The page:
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The Wrestler
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The Wrestler – Review

WHAT’S IT ABOUT?

Randy “the Ram” (Rourke) was one of the most popular and most successful wrestlers of the 1980s. But it’s not the 1980s anymore.
Two decades past his prime and he’s still gracing – rather than massive arenas – school halls.
With nothing else in his broken life, his work is all he has. But it doesn’t pay enough even to cover the rent of his caravan, so he spends most of his time sleeping in his car.
When – after one of his many brutally bloody bouts – he collapses, he’s diagnosed with a heart condition and told never to wrestle again.
Randy has no choice but to try a new life and ends up back in an old job, at the deli counter of the local supermarket.
Accepting his mortality for the first time, he discovers loneliness and guilt and sets out to confront his woeful situation.
He falls in love with a local lap-dancer, Cassidy (Tomei), and tries to reconnect with the estranged daughter (Wood) he let down, many years earlier.
But when his attempts to resurrect some form of a satisfactory life from the physical and emotional pain of his past fall by the wayside – as they invariably – he returns to the only thing that makes him feel comfortable – the one thing that doesn’t break his heart (well, physically, but not emotionally) – the wrestling ring.

WHAT’S IT LIKE?

The first thing to point out is that this – as the title suggests – is not a film about wrestling, but about a wrestler. So, while the first half of the film features many violent bouts, with razors and staples being used to cause as much pain to other wrestlers as possible, if this doesn’t sound like your type of film, it’s worth squinting through these scenes to get to the drama.
Because at its heart, this is a sensitive story of love – lost and found, reconnection with the past and self-discovery for a better future.
The film works on so many levels – with the wrestling, in a sense, acting as a metaphor for the Ram’s failed personal life, and in another sense, providing him with a safety blanket to fall back on – the only place he can be himself – with the only people who really accept him.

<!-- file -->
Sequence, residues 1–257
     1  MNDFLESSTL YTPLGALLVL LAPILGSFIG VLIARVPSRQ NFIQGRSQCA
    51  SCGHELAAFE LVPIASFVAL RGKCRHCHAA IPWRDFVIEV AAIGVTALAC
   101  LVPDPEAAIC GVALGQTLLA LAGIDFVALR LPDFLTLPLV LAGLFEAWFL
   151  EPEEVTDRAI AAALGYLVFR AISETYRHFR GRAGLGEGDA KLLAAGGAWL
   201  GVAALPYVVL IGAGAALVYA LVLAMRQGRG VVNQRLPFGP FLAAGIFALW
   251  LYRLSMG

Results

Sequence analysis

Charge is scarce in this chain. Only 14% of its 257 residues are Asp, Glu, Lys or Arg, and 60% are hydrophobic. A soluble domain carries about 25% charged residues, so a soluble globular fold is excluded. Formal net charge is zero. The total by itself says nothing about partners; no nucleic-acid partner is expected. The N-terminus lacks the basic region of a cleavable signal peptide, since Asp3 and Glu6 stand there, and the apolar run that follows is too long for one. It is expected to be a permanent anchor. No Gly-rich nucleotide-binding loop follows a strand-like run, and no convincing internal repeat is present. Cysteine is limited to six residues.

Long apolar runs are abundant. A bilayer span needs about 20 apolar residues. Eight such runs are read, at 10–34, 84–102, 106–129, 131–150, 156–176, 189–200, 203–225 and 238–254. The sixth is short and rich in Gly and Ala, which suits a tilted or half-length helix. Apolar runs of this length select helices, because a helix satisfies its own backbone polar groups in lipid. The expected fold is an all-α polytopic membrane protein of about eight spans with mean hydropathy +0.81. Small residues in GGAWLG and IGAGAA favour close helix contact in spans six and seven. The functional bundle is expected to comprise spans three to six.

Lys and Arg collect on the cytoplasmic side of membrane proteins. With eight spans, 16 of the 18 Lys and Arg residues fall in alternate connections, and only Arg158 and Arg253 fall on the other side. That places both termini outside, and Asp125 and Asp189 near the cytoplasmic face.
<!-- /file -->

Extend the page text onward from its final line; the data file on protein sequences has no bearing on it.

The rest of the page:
The film thrives on remarkable performances – not least the supporting actresses, Marisa Tomei as the love interest and Evan Rachel Wood as the daughter, ignored by The Ram as he was building his career in the ring.
But this is Mickey Rourke’s film. His outstanding, complex and natural performance is utterly believable – almost certainly because he was able to draw on many of his own experiences of – and I wouldn’t say this to his face, especially after seeing this film – being a has-been and a loser, reassessing his own life and ending up back where he started, having to confront all the issues which drove him away in the first place.
In this sense, he was born to play this role – or at least this role must have been written for him. Some reports suggest he was the third choice for the role – others that the Darren Aronofsky rejected the attempts of the financiers to force bigger names on him and took a cut in his budget as a result. The second – more romantic – suggestion is far more in keeping with the feel of the film.
This does for wrestling what Rocky and Raging Bull did for boxing. For Aronofsky, it’s a return to form after the pretentious The Fountain and for Rourke, arguably it’s a return from two decades of obscurity. The only question is, where can he go from here?
Rourke has already picked up the Golden Globe and more awards are sure to follow.

opens nationwide 16th January 2009

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